Offset Mortgages

An offset mortgage is a great way to make your savings work for you, especially if you are earning low interest rates on your savings. With an offset mortgage, your savings are used to reduce the interest charged on the balance of your mortgage, effectively meaning that your savings are earning interest at the same rate that you are being charged on your mortgage (normally a higher rate than you would get in a normal savings account). Use our offset mortgage tool to see how much money you could save:

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Using the Offset Mortgage Tool

Enter the amount you would like to borrow into the "Mortgage Amount" field. Remember that most lenders will not allow you to borrow the whole cost of your house - they normally ask you to have a deposit, typically 10% or more of the value of the house. By default, our tool applies an interest rate of 5%, but the rate charged will actually vary fron lender to lender, and will often depend on how much you want to borrow and the size of the deposit you have. Change this rate to see what effect a change of interest rate would have on your monthly repayments. Typically, mortgages have a repayment term of 25 years. If you are able to shorten this term, your monthly repayments will be higher but the total amount repaid will be lower (unless your lender charges a fee for early repayment). Enter the amount of savings you would start with in the "Starting Savings" field, and the amount of extra savings you could make each month into the "Additional Monthly Savings" field. Then select whether you are interested in a Capital Repayment or Interest Only mortgage.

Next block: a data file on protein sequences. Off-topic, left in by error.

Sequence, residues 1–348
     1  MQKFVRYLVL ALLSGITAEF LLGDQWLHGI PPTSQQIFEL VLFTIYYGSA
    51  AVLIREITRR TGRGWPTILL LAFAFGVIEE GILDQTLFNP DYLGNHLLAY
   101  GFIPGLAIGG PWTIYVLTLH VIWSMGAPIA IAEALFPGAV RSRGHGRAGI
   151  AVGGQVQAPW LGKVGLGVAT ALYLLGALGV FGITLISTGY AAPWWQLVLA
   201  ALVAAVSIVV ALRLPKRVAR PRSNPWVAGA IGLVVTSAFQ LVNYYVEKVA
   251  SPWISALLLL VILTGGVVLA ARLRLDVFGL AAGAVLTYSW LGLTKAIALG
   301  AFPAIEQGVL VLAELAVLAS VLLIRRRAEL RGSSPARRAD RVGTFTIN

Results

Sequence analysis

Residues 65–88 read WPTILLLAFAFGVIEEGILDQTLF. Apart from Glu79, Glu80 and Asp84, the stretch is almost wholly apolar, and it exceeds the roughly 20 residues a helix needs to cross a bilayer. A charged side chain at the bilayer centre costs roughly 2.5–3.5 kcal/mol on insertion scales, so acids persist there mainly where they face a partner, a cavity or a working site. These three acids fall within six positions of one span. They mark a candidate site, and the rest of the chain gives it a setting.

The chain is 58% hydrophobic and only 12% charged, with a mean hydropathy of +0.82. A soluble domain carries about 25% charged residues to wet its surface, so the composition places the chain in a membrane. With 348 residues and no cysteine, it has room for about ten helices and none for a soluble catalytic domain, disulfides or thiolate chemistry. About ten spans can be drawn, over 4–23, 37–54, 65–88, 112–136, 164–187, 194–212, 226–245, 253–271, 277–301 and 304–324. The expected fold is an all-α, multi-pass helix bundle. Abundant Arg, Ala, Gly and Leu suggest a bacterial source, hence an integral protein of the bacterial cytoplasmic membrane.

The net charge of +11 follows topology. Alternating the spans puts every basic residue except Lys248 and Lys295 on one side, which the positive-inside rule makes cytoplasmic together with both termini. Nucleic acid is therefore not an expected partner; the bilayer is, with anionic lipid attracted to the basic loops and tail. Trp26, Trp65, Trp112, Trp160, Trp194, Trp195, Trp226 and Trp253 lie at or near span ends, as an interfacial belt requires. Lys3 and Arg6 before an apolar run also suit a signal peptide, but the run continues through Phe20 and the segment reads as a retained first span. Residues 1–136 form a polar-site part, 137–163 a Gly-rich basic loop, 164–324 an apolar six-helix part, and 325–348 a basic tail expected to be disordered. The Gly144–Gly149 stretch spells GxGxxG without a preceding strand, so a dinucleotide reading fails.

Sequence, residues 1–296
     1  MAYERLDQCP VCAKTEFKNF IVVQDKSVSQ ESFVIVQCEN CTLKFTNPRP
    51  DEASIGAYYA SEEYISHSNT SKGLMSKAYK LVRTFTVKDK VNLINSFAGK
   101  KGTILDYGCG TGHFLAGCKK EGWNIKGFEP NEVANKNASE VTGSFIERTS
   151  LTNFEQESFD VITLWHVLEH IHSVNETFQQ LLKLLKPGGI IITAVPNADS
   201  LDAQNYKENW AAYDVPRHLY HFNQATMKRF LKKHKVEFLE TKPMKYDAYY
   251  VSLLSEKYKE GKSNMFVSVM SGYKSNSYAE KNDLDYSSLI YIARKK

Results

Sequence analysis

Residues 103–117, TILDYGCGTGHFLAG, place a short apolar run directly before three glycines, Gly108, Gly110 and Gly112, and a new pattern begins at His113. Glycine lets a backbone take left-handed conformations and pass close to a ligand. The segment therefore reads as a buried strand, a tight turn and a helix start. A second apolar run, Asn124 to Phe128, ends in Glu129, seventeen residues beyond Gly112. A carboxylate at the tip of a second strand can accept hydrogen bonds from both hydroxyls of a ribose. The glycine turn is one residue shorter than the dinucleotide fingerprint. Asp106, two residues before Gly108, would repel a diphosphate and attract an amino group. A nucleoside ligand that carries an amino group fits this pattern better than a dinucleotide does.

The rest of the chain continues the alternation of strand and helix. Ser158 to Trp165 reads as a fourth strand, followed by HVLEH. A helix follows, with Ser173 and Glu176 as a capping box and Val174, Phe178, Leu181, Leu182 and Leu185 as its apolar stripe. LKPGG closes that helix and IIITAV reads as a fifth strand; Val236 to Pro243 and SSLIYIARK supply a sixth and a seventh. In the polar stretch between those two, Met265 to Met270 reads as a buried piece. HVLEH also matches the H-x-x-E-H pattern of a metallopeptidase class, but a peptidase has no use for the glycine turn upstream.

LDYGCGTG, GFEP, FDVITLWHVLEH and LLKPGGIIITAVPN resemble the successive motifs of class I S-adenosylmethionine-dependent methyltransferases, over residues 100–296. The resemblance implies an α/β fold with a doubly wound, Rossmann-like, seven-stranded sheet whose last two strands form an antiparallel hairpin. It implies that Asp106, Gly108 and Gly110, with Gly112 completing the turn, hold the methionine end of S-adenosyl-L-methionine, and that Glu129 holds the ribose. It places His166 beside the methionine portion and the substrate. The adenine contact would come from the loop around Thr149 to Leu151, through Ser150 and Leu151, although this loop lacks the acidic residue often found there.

The mortgage repayment tool provides an estimate of the monthly payments and total amount repaid based on the information that you enter. In this tool, interest is calculated monthly, but lenders may assess interest more frequently, which will lead to different figures. Also, be aware that lenders may have additional fees which are added to the cost of the mortgage - for example, a product fee or application fee applied at the start of the loan (often added to the mortgage) or a fee on completion. Such fees are not included in the figures provided by this tool.

Paying Off a Mortgage Early

If you have a repayment mortgage (one where your monthly payments cover not only the interest on the outstanding balance, but also reduce the balance so that you repay the full amount by the end of the mortgage term), you can use offsetting to pay back the balance of your mortgage quicker, reducing the total amount of interest you pay. You do this by using your savings to reduce the interest your lender charges each month but keeping your monthly repayments the same as they would be without offsetting - the effect of which is to pay off your mortgage more quickly.

Reducing Your Mortgage Balance